Wrekmeister Harmonies: Light Falls

Wrekmeister Harmonies' impressive new record, Light Falls, pairs down the number of guests and creates a central band, a smaller group on which to build a new kind of composition.

Wrekmeister Harmonies

Light Falls

US Release: 2016-09-16
Label: Thrill Jockey
UK Release: 2016-09-16
Label Website

On Night of Your Ascension, the excellent 2015 record from Wrekmeister Harmonies, JR Robinson and Esther Shaw—the core of the group—enlisted roughly 30 musicians from all corners of the musical landscape to make an epic record. It still plays like something at times soaring and at times impossibly heavy, a record with extremes that can't be outdone.

So Robinson and Shaw don't try to top that record on their new LP, Light Falls. Instead, they tried a new approach. This record pairs the guests down and creates a central band, a smaller group on which to build a new kind of composition. Ryley Walker and Cave's Cooper Crain make guest spots, but the album centers around the main players: Robinson and Shaw, joined by Godspeed You! Black Emperor's Thierry Amar, as well as Sophie Trudeau and Timothy Herzog.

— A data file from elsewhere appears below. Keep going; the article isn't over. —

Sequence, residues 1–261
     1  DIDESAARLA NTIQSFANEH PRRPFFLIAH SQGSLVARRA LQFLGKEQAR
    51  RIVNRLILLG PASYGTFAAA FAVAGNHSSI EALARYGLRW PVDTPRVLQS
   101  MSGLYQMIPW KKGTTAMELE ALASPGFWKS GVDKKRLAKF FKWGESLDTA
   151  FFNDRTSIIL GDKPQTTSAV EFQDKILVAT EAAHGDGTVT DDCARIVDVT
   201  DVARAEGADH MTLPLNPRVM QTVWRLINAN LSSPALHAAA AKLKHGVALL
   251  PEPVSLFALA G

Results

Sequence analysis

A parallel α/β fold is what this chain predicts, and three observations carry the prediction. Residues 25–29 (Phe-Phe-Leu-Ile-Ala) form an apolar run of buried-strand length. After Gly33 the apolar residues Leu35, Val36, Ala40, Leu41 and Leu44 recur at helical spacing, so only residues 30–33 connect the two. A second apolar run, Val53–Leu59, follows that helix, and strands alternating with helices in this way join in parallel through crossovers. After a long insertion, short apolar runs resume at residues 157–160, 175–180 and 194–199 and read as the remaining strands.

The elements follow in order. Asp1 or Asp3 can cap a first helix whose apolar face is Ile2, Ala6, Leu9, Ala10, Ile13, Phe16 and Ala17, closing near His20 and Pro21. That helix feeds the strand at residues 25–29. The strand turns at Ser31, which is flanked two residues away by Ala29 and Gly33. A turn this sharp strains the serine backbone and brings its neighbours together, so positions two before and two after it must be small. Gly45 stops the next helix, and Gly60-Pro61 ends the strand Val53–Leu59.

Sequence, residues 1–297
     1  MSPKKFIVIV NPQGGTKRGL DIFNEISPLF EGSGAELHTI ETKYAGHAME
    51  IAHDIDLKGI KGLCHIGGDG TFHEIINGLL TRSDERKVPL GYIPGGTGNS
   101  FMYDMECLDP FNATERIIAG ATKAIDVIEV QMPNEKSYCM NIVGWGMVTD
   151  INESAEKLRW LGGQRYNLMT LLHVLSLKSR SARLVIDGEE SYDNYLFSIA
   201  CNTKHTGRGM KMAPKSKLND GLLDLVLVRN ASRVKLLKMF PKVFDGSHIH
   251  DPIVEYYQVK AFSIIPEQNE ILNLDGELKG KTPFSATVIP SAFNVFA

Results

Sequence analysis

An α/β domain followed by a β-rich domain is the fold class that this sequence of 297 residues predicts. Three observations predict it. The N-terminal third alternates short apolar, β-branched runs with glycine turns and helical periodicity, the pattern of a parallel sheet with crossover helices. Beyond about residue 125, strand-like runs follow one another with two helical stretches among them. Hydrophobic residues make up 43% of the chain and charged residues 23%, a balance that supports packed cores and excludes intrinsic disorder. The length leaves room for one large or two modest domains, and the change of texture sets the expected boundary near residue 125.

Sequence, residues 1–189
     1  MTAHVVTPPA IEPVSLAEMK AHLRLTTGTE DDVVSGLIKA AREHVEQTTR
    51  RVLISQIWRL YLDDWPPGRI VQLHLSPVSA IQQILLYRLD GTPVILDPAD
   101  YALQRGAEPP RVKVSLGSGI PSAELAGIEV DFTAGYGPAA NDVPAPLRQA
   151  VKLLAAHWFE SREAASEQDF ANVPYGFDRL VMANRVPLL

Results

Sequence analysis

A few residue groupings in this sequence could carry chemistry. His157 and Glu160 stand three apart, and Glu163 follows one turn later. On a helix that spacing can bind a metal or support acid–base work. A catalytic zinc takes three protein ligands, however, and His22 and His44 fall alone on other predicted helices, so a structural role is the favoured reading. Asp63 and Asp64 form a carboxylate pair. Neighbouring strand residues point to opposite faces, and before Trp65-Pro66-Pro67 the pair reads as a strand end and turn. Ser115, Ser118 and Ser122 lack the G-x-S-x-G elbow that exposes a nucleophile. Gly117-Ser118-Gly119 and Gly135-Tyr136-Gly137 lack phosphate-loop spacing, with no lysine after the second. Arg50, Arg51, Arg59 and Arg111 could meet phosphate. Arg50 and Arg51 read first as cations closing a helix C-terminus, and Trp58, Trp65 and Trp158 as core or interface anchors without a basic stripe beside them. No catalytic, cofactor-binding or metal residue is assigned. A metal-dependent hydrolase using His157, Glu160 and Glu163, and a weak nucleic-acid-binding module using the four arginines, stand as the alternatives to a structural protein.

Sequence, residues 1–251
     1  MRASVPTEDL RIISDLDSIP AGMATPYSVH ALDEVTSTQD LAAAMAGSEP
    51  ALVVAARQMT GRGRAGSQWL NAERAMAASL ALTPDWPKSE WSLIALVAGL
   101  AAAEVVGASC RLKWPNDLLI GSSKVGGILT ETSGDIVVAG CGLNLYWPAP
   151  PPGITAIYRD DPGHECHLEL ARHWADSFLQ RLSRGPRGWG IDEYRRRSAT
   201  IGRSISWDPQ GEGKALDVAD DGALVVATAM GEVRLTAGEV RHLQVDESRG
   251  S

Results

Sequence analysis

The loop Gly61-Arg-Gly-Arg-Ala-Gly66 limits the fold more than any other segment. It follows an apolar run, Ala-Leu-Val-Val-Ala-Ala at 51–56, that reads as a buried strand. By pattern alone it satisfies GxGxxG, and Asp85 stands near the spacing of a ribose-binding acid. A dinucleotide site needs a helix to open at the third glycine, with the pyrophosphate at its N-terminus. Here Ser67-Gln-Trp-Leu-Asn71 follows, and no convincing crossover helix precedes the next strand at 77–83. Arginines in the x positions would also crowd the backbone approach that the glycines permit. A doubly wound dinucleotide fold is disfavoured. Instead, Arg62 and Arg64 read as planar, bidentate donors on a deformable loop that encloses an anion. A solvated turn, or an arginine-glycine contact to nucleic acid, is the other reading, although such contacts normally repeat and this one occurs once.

Though the number of players is paired down, there's still an impressive size to Light Falls, and the compositions retain the patience and intricacy that made Night of Your Ascension so unique. The album begins with the gauzy, almost pastoral strum of acoustic guitars and keyboards on "Light Falls I: The Mantra". A voice whispers darkly, "Stay in, go out, get sick, get well" again and again, the repetition more haunting with each pass. Robinson has suggested that the title is a reference to sunset (how light fades by degrees and then—all of a sudden— it's just gone). This first movement shows well that ever-slowly fading light, but at the edges you can feel the stillness of the dark to come, the worry or isolation it might bring.